Disaster recovery 101: What you need to know

Some good starting points for those new to the discipline

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With various parts of the country still reeling in the wake of tornadoes, earthquakes, too-early snowstorms, hurricanes and wildfires, the past few months have taught us that no geographical area is safe. There's never been a more compelling time to develop or fine-tune a disaster recovery and business continuity plan for your business.

Disaster recovery is, quite simply, being able to continue your mission-critical business operations after an interruption of some kind. Companies must be able to resurrect their applications and processes -- their entire business operations -- at the point where they were before the outage occurred, says Robert Amatruda, research director for data protection and recovery at IDC. And this is true whether the outage resulted from a natural disaster, a server or storage system malfunctioning or "someone pulling a plug they shouldn't have," he says.

While business continuity is about being able to keep functions going, disaster recovery means being able to get everything back to whole again, explains Carl Pritchard, senior risk management consultant at advisory firm Cutter Consortium. "The difference is business continuity is keeping the patient alive. Disaster recovery is getting them back to being healed and walking again," says Pritchard, who is also the author of Risk Management: Concepts and Guidance, 4th Edition.

And if you think it won't happen to you, think again, Pritchard says. "At some point, no matter what aspect of life you look at, the walls come crashing down around you. People with a business continuity plan and disaster recovery plan have the ability to get back to a semblance of normalcy in a much shorter span of time than those without."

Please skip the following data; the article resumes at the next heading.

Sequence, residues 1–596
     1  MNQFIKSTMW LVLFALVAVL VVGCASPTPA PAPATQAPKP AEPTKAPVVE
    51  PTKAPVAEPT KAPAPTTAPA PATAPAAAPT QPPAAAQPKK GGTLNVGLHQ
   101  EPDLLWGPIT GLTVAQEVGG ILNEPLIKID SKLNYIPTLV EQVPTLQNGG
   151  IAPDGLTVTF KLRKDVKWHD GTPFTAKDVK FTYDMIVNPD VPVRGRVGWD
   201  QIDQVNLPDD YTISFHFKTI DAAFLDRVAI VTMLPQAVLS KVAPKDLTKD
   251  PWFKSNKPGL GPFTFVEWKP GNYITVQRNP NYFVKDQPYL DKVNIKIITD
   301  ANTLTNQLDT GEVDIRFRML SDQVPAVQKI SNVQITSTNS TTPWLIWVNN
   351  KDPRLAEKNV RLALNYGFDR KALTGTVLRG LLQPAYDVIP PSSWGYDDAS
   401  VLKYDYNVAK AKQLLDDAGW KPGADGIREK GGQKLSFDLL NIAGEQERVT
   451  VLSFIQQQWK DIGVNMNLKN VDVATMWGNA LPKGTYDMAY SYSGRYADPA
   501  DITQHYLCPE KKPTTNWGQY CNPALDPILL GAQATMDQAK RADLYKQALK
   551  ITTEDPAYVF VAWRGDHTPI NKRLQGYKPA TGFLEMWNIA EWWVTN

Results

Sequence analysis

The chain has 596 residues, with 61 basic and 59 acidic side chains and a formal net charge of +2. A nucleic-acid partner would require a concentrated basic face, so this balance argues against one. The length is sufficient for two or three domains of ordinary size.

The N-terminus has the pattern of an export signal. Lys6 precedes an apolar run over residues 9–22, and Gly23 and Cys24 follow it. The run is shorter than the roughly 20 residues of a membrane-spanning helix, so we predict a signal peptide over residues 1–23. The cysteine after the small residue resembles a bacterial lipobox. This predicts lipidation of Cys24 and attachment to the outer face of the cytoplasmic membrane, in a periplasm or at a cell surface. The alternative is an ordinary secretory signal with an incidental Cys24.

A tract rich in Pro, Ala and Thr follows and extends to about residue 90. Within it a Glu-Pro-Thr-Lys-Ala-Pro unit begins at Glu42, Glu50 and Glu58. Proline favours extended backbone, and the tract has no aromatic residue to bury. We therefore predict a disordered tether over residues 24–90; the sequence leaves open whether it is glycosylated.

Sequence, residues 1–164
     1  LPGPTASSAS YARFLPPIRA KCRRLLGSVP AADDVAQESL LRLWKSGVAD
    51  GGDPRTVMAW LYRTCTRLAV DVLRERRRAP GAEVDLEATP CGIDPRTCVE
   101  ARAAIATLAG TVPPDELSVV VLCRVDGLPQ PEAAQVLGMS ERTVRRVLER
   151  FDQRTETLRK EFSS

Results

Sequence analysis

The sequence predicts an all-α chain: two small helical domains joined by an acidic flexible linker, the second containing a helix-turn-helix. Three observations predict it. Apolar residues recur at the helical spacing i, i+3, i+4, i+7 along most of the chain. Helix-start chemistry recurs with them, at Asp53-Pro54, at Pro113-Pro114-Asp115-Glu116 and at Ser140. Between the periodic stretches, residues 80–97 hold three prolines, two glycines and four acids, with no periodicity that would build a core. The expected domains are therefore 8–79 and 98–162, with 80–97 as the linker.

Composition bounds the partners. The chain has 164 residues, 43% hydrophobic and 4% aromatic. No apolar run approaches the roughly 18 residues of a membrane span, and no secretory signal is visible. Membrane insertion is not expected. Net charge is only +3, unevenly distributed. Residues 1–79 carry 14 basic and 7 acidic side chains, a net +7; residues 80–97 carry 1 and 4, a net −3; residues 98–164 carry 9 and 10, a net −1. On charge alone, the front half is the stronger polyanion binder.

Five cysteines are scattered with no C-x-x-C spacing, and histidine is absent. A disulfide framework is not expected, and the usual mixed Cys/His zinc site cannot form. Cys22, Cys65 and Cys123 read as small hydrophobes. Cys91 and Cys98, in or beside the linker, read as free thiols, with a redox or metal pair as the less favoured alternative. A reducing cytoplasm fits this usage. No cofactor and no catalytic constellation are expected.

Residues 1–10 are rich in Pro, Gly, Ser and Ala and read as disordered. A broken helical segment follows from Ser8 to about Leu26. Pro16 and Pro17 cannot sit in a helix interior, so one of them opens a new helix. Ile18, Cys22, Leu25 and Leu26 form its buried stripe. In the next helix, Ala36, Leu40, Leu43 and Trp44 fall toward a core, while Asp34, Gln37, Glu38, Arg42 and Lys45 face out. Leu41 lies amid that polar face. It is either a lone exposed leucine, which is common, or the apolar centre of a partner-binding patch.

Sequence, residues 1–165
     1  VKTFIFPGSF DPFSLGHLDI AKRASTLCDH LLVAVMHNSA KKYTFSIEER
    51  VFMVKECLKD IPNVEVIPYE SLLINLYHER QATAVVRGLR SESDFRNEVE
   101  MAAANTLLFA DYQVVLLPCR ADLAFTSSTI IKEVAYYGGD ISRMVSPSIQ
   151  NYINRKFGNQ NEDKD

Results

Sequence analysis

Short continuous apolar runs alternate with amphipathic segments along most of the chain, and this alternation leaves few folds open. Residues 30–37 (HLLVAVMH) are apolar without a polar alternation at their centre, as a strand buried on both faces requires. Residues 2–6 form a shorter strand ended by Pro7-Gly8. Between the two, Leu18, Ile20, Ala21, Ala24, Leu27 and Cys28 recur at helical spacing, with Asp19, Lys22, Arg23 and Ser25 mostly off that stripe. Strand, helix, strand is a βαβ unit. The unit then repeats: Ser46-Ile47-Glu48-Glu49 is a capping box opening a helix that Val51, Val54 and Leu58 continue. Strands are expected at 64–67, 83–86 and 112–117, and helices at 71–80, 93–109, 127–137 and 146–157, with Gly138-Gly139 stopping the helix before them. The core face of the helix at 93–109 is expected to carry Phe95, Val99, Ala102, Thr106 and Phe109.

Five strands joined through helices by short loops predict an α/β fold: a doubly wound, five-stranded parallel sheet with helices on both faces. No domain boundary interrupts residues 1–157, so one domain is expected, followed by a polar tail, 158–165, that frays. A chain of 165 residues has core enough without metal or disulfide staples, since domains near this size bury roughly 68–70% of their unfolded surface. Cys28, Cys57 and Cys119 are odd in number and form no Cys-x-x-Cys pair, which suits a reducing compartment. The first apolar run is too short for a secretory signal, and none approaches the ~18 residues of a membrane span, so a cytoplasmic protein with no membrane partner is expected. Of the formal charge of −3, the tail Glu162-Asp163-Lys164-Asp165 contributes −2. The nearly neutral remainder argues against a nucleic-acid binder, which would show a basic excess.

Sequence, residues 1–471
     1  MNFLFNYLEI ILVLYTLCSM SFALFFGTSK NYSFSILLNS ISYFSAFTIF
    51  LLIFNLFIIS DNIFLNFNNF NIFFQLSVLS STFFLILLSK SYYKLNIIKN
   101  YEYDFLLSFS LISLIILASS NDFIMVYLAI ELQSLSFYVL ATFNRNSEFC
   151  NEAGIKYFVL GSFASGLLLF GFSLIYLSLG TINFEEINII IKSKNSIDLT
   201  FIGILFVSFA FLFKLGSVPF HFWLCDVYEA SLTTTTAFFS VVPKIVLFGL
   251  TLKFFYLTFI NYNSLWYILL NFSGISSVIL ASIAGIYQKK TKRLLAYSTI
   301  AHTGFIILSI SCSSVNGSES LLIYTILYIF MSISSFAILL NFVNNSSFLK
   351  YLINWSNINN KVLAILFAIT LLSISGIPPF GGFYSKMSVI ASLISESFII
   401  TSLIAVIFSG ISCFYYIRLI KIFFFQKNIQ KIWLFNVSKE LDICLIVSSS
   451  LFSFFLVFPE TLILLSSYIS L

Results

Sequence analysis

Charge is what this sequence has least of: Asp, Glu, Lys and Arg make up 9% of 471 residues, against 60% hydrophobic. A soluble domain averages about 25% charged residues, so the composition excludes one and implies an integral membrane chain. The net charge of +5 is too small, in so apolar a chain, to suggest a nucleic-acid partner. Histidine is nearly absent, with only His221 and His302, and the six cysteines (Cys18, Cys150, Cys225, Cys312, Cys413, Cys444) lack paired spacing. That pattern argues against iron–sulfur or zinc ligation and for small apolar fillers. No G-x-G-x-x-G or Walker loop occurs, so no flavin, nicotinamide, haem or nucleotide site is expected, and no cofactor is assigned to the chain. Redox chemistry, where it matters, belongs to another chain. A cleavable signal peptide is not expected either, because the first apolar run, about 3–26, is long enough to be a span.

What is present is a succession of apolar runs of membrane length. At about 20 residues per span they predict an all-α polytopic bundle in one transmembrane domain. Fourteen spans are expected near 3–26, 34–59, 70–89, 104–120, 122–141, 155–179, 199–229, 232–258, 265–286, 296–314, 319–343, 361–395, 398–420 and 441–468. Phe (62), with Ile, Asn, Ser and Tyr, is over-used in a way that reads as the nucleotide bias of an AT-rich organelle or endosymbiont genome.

Preparedness varies

But many small and midsize businesses are not prepared for a disaster. According to a 2011 SMB disaster preparedness survey commissioned by Symantec, 57% of respondents in small businesses do not have a plan in place to deal with an outage or disruption to their computer or technology resources, compared with 47% of midsize businesses.

There is more encouraging news among larger enterprises; in 2010, 66% reported having a recovery site for their data center and IT operations in the event of a disaster or other primary site failure, while 30% said they have more than one recovery site, according to a recent report by Forrester Research. Yet, the same report also noted that disaster recovery budgets have "declined sharply" since the global economy began a downturn in 2008.

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